Graduation Year

2008

Document Type

Dissertation

Degree

Ph.D.

Degree Granting Department

Psychological and Social Foundations

Major Professor

Kathy Bradley-Klug, Ph.D.

Keywords

Aggression, Attention, Asthma, Allergies, Obesity

Abstract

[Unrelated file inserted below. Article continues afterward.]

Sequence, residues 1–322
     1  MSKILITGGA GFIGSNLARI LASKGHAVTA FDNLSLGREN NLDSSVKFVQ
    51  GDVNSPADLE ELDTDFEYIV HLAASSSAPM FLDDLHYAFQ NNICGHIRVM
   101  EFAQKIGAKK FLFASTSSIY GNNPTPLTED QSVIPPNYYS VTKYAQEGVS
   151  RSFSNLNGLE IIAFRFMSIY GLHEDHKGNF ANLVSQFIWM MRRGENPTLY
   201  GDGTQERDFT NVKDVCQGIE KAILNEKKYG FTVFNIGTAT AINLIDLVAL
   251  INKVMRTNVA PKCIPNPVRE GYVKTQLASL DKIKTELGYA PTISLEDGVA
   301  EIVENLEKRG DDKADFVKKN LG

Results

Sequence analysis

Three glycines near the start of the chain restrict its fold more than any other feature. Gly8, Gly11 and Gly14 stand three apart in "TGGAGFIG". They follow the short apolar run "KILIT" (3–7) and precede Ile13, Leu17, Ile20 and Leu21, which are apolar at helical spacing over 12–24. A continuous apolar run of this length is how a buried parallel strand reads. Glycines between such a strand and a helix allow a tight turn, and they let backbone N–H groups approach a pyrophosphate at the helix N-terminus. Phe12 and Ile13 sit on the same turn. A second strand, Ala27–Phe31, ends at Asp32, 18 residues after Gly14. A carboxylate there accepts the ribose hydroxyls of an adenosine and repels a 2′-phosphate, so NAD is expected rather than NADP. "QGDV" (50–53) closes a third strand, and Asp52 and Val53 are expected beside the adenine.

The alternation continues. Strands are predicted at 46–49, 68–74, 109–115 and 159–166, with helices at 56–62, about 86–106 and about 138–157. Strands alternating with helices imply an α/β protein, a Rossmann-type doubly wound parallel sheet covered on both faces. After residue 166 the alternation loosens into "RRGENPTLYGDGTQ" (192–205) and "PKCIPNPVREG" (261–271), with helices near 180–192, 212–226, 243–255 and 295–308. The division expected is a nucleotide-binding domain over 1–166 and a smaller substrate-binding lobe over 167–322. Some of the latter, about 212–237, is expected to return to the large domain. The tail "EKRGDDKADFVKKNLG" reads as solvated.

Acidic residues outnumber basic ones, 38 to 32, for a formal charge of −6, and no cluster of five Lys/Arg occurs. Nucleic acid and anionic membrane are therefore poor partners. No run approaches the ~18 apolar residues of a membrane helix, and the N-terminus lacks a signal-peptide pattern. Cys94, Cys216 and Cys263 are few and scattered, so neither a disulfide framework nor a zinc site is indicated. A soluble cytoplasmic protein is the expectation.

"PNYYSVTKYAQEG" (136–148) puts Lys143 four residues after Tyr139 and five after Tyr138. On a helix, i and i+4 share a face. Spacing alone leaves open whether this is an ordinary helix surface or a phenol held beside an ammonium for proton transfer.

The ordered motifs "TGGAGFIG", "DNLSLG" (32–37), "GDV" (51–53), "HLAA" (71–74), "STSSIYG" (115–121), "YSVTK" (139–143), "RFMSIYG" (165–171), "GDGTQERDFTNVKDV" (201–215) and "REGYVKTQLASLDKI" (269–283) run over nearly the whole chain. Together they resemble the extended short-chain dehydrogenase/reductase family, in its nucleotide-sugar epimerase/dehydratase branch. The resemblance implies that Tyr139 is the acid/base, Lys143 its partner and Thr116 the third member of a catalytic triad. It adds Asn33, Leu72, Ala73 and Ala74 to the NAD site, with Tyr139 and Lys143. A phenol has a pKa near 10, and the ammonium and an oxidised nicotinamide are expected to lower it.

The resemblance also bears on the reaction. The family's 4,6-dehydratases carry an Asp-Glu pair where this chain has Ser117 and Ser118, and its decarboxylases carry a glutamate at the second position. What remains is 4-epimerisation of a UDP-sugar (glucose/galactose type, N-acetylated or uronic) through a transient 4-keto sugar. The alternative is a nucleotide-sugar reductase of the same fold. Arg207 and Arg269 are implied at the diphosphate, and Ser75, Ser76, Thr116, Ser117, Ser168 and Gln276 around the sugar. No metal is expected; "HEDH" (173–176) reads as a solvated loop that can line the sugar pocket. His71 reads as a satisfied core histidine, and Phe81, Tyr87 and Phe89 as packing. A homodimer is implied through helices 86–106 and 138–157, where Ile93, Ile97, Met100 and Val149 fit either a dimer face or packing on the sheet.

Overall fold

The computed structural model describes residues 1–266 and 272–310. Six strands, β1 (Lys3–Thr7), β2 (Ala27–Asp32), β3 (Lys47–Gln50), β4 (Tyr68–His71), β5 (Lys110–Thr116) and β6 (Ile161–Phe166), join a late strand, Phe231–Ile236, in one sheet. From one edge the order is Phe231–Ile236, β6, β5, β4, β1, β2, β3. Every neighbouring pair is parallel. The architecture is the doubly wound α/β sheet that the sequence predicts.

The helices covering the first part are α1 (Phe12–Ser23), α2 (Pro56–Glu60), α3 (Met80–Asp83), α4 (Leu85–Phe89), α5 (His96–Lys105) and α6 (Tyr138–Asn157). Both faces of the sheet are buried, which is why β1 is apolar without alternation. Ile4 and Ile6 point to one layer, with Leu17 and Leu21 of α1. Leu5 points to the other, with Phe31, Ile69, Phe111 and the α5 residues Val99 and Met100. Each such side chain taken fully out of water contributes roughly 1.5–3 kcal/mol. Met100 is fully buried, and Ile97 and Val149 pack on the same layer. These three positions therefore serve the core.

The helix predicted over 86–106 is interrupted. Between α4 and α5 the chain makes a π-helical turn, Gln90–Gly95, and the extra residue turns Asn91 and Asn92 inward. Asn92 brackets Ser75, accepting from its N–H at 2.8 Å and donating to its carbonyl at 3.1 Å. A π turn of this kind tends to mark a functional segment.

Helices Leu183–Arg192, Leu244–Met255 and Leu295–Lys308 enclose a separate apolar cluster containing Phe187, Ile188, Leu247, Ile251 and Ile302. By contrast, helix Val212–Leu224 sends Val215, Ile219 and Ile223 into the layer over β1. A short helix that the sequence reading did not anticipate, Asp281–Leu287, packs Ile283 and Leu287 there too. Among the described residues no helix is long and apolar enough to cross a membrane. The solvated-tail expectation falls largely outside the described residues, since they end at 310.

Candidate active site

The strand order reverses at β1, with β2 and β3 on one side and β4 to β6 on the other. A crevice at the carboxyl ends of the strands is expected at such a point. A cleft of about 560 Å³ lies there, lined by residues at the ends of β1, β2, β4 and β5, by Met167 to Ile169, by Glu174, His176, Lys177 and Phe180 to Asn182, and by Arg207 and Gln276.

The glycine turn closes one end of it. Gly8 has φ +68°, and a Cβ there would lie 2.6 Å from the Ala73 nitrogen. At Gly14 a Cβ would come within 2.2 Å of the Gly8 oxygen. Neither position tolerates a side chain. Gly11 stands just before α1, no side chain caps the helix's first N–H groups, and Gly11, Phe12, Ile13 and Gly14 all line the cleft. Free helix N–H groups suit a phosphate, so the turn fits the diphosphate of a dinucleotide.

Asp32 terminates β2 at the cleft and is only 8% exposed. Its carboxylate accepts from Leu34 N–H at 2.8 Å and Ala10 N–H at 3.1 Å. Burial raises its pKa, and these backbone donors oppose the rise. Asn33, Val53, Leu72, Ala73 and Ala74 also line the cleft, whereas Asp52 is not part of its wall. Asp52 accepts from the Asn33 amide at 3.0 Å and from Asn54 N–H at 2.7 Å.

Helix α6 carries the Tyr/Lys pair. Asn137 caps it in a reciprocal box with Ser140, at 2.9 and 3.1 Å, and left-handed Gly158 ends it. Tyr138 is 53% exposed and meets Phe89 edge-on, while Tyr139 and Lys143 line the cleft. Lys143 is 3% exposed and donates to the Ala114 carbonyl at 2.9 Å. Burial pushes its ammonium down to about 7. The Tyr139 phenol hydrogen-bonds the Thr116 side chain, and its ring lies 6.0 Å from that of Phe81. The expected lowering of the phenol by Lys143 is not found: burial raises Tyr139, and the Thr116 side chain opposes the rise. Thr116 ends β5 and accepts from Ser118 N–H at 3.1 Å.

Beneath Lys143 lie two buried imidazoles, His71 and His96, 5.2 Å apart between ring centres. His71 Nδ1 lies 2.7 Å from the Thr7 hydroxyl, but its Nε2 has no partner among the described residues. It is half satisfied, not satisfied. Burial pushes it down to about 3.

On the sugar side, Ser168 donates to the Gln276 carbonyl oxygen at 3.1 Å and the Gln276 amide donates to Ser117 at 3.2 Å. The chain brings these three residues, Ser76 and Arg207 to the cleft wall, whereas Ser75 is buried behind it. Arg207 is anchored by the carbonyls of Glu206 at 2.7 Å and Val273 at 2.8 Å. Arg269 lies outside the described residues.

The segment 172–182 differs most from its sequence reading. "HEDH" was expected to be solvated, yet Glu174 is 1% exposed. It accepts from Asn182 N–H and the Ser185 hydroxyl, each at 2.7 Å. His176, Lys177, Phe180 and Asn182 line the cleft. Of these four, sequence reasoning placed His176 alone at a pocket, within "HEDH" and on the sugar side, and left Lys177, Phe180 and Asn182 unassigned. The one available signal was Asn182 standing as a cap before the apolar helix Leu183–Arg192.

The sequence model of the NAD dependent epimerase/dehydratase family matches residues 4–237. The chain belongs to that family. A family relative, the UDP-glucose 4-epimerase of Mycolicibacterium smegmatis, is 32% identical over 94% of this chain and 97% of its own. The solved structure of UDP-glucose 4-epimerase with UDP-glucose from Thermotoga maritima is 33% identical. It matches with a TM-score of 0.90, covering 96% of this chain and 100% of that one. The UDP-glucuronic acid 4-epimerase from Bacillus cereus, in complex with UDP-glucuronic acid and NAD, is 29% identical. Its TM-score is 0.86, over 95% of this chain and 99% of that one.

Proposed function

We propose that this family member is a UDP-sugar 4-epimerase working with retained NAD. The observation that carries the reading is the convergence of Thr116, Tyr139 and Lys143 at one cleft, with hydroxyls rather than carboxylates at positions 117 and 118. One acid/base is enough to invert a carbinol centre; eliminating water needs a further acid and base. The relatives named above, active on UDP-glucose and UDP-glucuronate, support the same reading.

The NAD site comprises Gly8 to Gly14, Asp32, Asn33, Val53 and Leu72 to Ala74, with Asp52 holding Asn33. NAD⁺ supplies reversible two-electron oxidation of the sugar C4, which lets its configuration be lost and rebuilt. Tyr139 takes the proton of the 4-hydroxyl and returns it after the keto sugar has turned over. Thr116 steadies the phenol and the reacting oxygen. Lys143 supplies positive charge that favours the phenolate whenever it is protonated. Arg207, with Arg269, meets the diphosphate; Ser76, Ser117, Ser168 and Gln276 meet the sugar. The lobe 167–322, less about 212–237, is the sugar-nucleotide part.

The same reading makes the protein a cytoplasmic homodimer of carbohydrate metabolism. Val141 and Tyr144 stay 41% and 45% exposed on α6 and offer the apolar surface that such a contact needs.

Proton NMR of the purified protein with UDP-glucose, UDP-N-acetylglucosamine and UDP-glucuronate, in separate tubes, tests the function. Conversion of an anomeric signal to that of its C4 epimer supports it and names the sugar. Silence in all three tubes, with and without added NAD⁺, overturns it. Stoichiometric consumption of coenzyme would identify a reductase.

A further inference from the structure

The purpose of this study was to examine prevalence rates of symptoms of several sleep disorders in young children, and the relationship between symptoms of pediatric sleep disorders and other childhood problems. Two-hundred-seventy-six children aged 2 to 5 years were studied through examination of a pre-existing database. Children rated as high risk for having a sleep disorder displayed significantly more aggressive behavior and attention problems, as compared to children whose sleep was rated in the normal range. However, no relationship was found between symptoms of sleep disorders and body mass index, asthma, or allergies. In addition, no relationship was found between symptoms of sleep disorders and social skills. Twenty-six percent of children in this sample were at high risk for having at least one type of sleep disorder. Results are discussed with regard to implications for prevention and early identification of students who are at-risk for developing sleep disorders, as well as direct interventions for those students who have a diagnosed sleep disorder.

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